didn't want to write about my recent heart attack, really
I didn't, but such a startling event and all those pills
I have to remember to take every morning confronts me with
intimations of my own mortality, and forces me to face the
question: What have we accomplished?
people like to think their lives have some higher purpose,
some goal apart from the mechanics of day-to-day survival.
I am not religious, nor am I much given to self-contemplation,
but the shock of a sudden heart attack in a seemingly healthy
person hey, this happened in the gym! has brought
the question of my ultimate goals into sharp focus.
got me to thinking. What did we hope to accomplish when we
started this website and what is the measure of our achievement?
Antiwar.com set up shop, on December 9, 1995,
we had one goal in mind: to have some significant effect on
the foreign policy debate in this country. How to measure
such intangibles is a problem without a solution, but my own
approach, as a writer, is to look at the language of
the debaters, and by this standard we are doing pretty well.
phrases as "the War Party" (yes, capitalized like that), and
casual mention of "the neocons" language pretty much confined
to this site, until relatively recently are now commonplace.
The anti-interventionist lexicon is defining the terms of
the debate, and I think Antiwar.com can take much of the credit.
during the period leading up to the Kosovo war and long
after we warned of the danger posed by the neoconservatives,
and their doctrine of "benevolent
global hegemony," as Bill Kristol, their Lenin, put it
in 1996. In my first column,
dated February 26, 1999, I wrote:
and well-connected, the War Party is such a varied and complex
phenomenon that a detailed description of its activities,
and its vast system of interlocking directorates and special
interests, both foreign and domestic, would fill the pages
of a good-sized book. The alternative is to break down the
story, and serve up its constituent parts in brief glimpses,
portraits of individuals and organizations that lobbied hard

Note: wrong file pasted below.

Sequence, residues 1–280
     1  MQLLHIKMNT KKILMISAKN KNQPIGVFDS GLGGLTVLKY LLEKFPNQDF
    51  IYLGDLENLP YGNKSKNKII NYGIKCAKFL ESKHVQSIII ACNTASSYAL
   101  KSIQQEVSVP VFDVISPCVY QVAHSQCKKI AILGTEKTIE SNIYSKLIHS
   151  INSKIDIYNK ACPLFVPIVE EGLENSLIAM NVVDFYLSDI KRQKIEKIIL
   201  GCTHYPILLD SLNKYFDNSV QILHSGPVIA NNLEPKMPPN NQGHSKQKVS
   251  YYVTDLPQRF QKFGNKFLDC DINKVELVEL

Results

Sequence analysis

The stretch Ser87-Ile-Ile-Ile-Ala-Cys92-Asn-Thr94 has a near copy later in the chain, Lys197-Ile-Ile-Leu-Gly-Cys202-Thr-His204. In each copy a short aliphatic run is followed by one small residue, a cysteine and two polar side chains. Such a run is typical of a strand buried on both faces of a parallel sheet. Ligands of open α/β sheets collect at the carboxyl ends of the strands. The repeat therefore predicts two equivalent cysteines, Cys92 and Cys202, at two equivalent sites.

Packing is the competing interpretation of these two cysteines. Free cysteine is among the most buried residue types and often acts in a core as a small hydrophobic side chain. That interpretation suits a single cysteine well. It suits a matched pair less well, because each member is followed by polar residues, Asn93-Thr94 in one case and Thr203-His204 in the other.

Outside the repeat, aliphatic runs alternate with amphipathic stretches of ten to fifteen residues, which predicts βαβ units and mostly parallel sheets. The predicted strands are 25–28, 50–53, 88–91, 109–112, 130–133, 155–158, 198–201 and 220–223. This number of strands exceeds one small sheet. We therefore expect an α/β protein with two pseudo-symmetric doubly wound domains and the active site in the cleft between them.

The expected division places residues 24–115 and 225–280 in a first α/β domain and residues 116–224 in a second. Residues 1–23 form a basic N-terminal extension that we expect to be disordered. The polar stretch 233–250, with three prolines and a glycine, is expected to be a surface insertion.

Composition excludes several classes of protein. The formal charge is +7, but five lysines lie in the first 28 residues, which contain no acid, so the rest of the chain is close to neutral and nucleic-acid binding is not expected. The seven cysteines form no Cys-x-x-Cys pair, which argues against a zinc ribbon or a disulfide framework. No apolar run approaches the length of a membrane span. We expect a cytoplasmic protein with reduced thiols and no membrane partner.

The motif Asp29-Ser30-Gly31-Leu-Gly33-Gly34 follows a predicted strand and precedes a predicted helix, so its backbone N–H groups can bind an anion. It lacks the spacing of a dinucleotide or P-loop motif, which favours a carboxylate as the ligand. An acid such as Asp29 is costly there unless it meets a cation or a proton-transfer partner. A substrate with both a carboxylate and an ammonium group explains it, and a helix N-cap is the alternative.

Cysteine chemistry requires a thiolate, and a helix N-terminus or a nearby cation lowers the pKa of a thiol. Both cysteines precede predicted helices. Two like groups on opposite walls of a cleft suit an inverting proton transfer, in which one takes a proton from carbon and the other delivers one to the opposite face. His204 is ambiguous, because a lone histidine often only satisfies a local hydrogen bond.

for this war and its bloody prosecution."
that the war I was referring to was the Kosovo war, those
words might easily have been written today. The face of the
enemy is unchanged: what's changed is that it is increasingly
recognized, and resented. That is what we have been doing,
here at www.antiwar.com:
revealing, with every link and article, the many faces of
the War Party in all its aspects, and from a wide variety
eclecticism has been the focus of criticism by some: David
Frum, the ex-White House speechwriter turned neocon enforcer
of political correctness, recently took us to task for
running links to pieces by John Pilger, Noam Chomsky, Gore
Vidal, Alexander Cockburn, and other demons of the right-wing
imagination. It is typical of Commissar Frum that he would
misunderstand the whole purpose of linking in this way: the
very concept of the internet, with its constant cross-referencing
interconnectivity, is utterly alien to the party-lining neocon
problem for the neocons is that it's much harder to smear
someone on the internet than it is on paper, without showing
up the smearer as a liar. In criticizing the views of an opponent,
one is obliged to come up with a link so that readers can
see for themselves if the criticism is fair. The artful use
of ellipses no longer works, because the entire context of
a statement is readily available. Of course, one always can
do what Commissar Frum did in his National Review screed
against antiwar libertarians and conservatives, and not provide
any links to the targets of abuse. But that isn't very convincing.
Indeed, it is highly suspicious: no wonder many conservatives
are now rising up against the self-appointed arbiters of political
correctness on the Right. The neocon campaign to smear conservative
opponents of the Iraq war as "anti-American" has backfired
badly and we at Antiwar.com take a special pride in knowing
that this site had a lot to do with that.
have, from the beginning, cultivated anti-interventionist
sentiment on the Right, not only among libertarians who
already accept it as a defining principle of their ideology
but also among conservatives. The idea that we cannot be
a republic and an empire is finally beginning to dawn
on the advocates of limited government -as they see the national
security state swallowing up the last of our freedoms. Big
Brother reads our email and tracks our every move, while Big
Government just keeps on getting bigger.
are catching on, and, while Antiwar.com alone can't take credit
for this, what we can take credit for is amplifying and popularizing
anti-interventionist views on the right, injecting them into